This is a provocative contribution to the current debate about the best delimitation of semantics and pragmatics. Is 'What is said' determined by linguistic conventions, or is it an aspect of 'speaker's meaning'? Do we need pragmatics to fix truth-conditions? What is 'literal meaning'? To what extent is semantic composition a creative process? How pervasive is context-sensitivity? Recanati provides an original and insightful defence of 'contextualism', and offers an informed survey of the spectrum of positions held by linguists and philosophers working at the semantics/pragmatics interface.
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Two approaches to what is said
13 Literal truthconditions vs actual truthconditions
14 A problem for Minimalism
15 The availability of what is said
16 The availability based approach
17 Saying as a pragmatic notion
18 Availability vs Minimalism
From Literalism to Contextualism
64 Literalist responses to the contextualist challenge
65 Where Indexicalism and Contextualism meet
Indexicalism and the Binding Fallacy
72 Two criteria
Primary pragmatic processes
22 Rejecting the Gricean picture
24 Objections and responses
25 Interactive processing
26 The role of schemata
32 Personal and subpersonal inferences
33 Implicature or enrichment?
34 Mutual adjustment of explicature and implicature
35 Implicated premisses
occurrent vs dispositional
The Syncretic View
the literalist picture
43 Semantic underdeterminacy
44 The minimal proposition as common denominator
45 Interaction between saturation and optional pragmatic processes
46 Do we need the minimal proposition?
47 The reflexive proposition
52 Nonliteral uses and secondary meaning
53 Nonminimal departures without secondariness
54 The transparency condition
55 Varieties of nonliteral meaning
56 Internal vs external duality
73 The indexicalist challenge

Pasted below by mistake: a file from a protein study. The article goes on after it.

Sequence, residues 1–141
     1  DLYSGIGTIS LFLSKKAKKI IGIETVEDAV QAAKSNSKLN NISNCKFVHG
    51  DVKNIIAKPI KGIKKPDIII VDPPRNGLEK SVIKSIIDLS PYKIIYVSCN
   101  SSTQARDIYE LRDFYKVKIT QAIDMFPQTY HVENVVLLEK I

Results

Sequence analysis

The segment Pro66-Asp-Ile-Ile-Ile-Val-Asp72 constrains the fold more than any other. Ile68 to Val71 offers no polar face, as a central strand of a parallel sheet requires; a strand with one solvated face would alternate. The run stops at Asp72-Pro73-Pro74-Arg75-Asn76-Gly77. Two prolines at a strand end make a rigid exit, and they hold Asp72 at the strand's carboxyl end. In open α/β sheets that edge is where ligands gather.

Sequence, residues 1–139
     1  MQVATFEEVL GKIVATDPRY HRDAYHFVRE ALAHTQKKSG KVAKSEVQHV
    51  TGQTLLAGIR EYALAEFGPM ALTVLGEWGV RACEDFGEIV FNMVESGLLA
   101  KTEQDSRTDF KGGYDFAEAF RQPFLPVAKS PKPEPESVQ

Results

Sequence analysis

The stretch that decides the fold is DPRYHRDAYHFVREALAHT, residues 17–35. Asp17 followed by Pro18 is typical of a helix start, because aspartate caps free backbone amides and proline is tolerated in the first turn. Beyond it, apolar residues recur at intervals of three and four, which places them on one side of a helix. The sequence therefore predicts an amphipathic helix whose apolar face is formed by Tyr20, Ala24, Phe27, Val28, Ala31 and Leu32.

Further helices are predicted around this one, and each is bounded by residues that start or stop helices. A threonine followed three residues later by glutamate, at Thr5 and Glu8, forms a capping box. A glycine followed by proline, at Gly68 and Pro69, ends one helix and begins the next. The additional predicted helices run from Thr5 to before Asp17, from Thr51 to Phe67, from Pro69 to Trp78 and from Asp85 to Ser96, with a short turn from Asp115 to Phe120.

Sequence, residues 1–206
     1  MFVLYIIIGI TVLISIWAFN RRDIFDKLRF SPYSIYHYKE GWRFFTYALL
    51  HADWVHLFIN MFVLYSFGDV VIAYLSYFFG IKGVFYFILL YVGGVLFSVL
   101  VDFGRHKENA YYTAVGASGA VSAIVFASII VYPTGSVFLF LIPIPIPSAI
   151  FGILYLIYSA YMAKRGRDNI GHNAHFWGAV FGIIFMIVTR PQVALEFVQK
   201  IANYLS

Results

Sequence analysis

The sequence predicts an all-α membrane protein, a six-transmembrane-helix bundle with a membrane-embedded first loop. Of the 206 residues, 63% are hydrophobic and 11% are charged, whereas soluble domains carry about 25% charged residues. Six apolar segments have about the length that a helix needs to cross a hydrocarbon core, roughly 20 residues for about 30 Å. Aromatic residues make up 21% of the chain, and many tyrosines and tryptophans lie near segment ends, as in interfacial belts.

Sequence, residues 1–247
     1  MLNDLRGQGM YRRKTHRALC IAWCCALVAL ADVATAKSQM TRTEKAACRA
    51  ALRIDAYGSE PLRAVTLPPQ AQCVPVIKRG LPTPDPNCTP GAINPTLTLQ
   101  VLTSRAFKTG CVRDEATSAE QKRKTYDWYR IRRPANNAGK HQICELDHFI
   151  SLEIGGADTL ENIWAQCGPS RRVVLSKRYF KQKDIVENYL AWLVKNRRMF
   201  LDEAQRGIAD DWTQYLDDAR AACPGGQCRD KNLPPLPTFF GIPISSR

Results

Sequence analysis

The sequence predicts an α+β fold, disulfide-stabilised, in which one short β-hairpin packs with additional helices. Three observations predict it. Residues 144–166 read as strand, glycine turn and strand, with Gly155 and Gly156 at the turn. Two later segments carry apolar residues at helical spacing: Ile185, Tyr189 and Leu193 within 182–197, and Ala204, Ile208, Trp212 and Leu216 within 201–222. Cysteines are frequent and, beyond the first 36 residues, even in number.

74 Is the Binding Criterion reliable?
75 Variadic functions
76 The Binding Fallacy
the failure of Indexicalism
Circumstances of evaluation
82 Time and tense
84 Saturation or enrichment?
85 Subsentential circumstances
Contextualism how far can we go?
92 The semantic relevance of modulation
93 Four approaches
from Waismanns open texture to Searles background
95 Ostensive definitions
96 Meaning Eliminativism
102 Remnants of Literalism
103 Availability Minimalism and the dispositionaloccurrent contrast
accessible argument argument-role asserted Bach Barbara Partee Carpintero Carston circumstance of evaluation Cognitive complete proposition context-sensitive contextual ingredient contextualist contextually assigned contextually provided contrast conversational implicatures Deirdre Wilson derived determined distinction Eliminativism Everywhere I go example explicature explicit express a complete free enrichment free variable Grice Gricean ham sandwich hearer Herb Clark implied indexical indexicalist inference inferential instance of saturation intuitive involves Jason Stanley John John Searle Kent Bach linguistic meaning literal interpretation literal meaning literalist logical form m-literal metonymical minimal proposition minimalist modal modulation notion object Occam's Razor Ostensive definitions phrase Polysemy possible worlds predicate premiss primary pragmatic processes proposition expressed quantifier domain restriction rains Recanati reference reflexive proposition relation representation role Scott Soames semantic content semantic value sense situation speaker speaker's meaning Sperber Stanley sub-personal Syncretic View target-situation tense tense logic thing truth-conditional content truth-values unarticulated constituent underdeterminacy University Press utterance variadic function verb words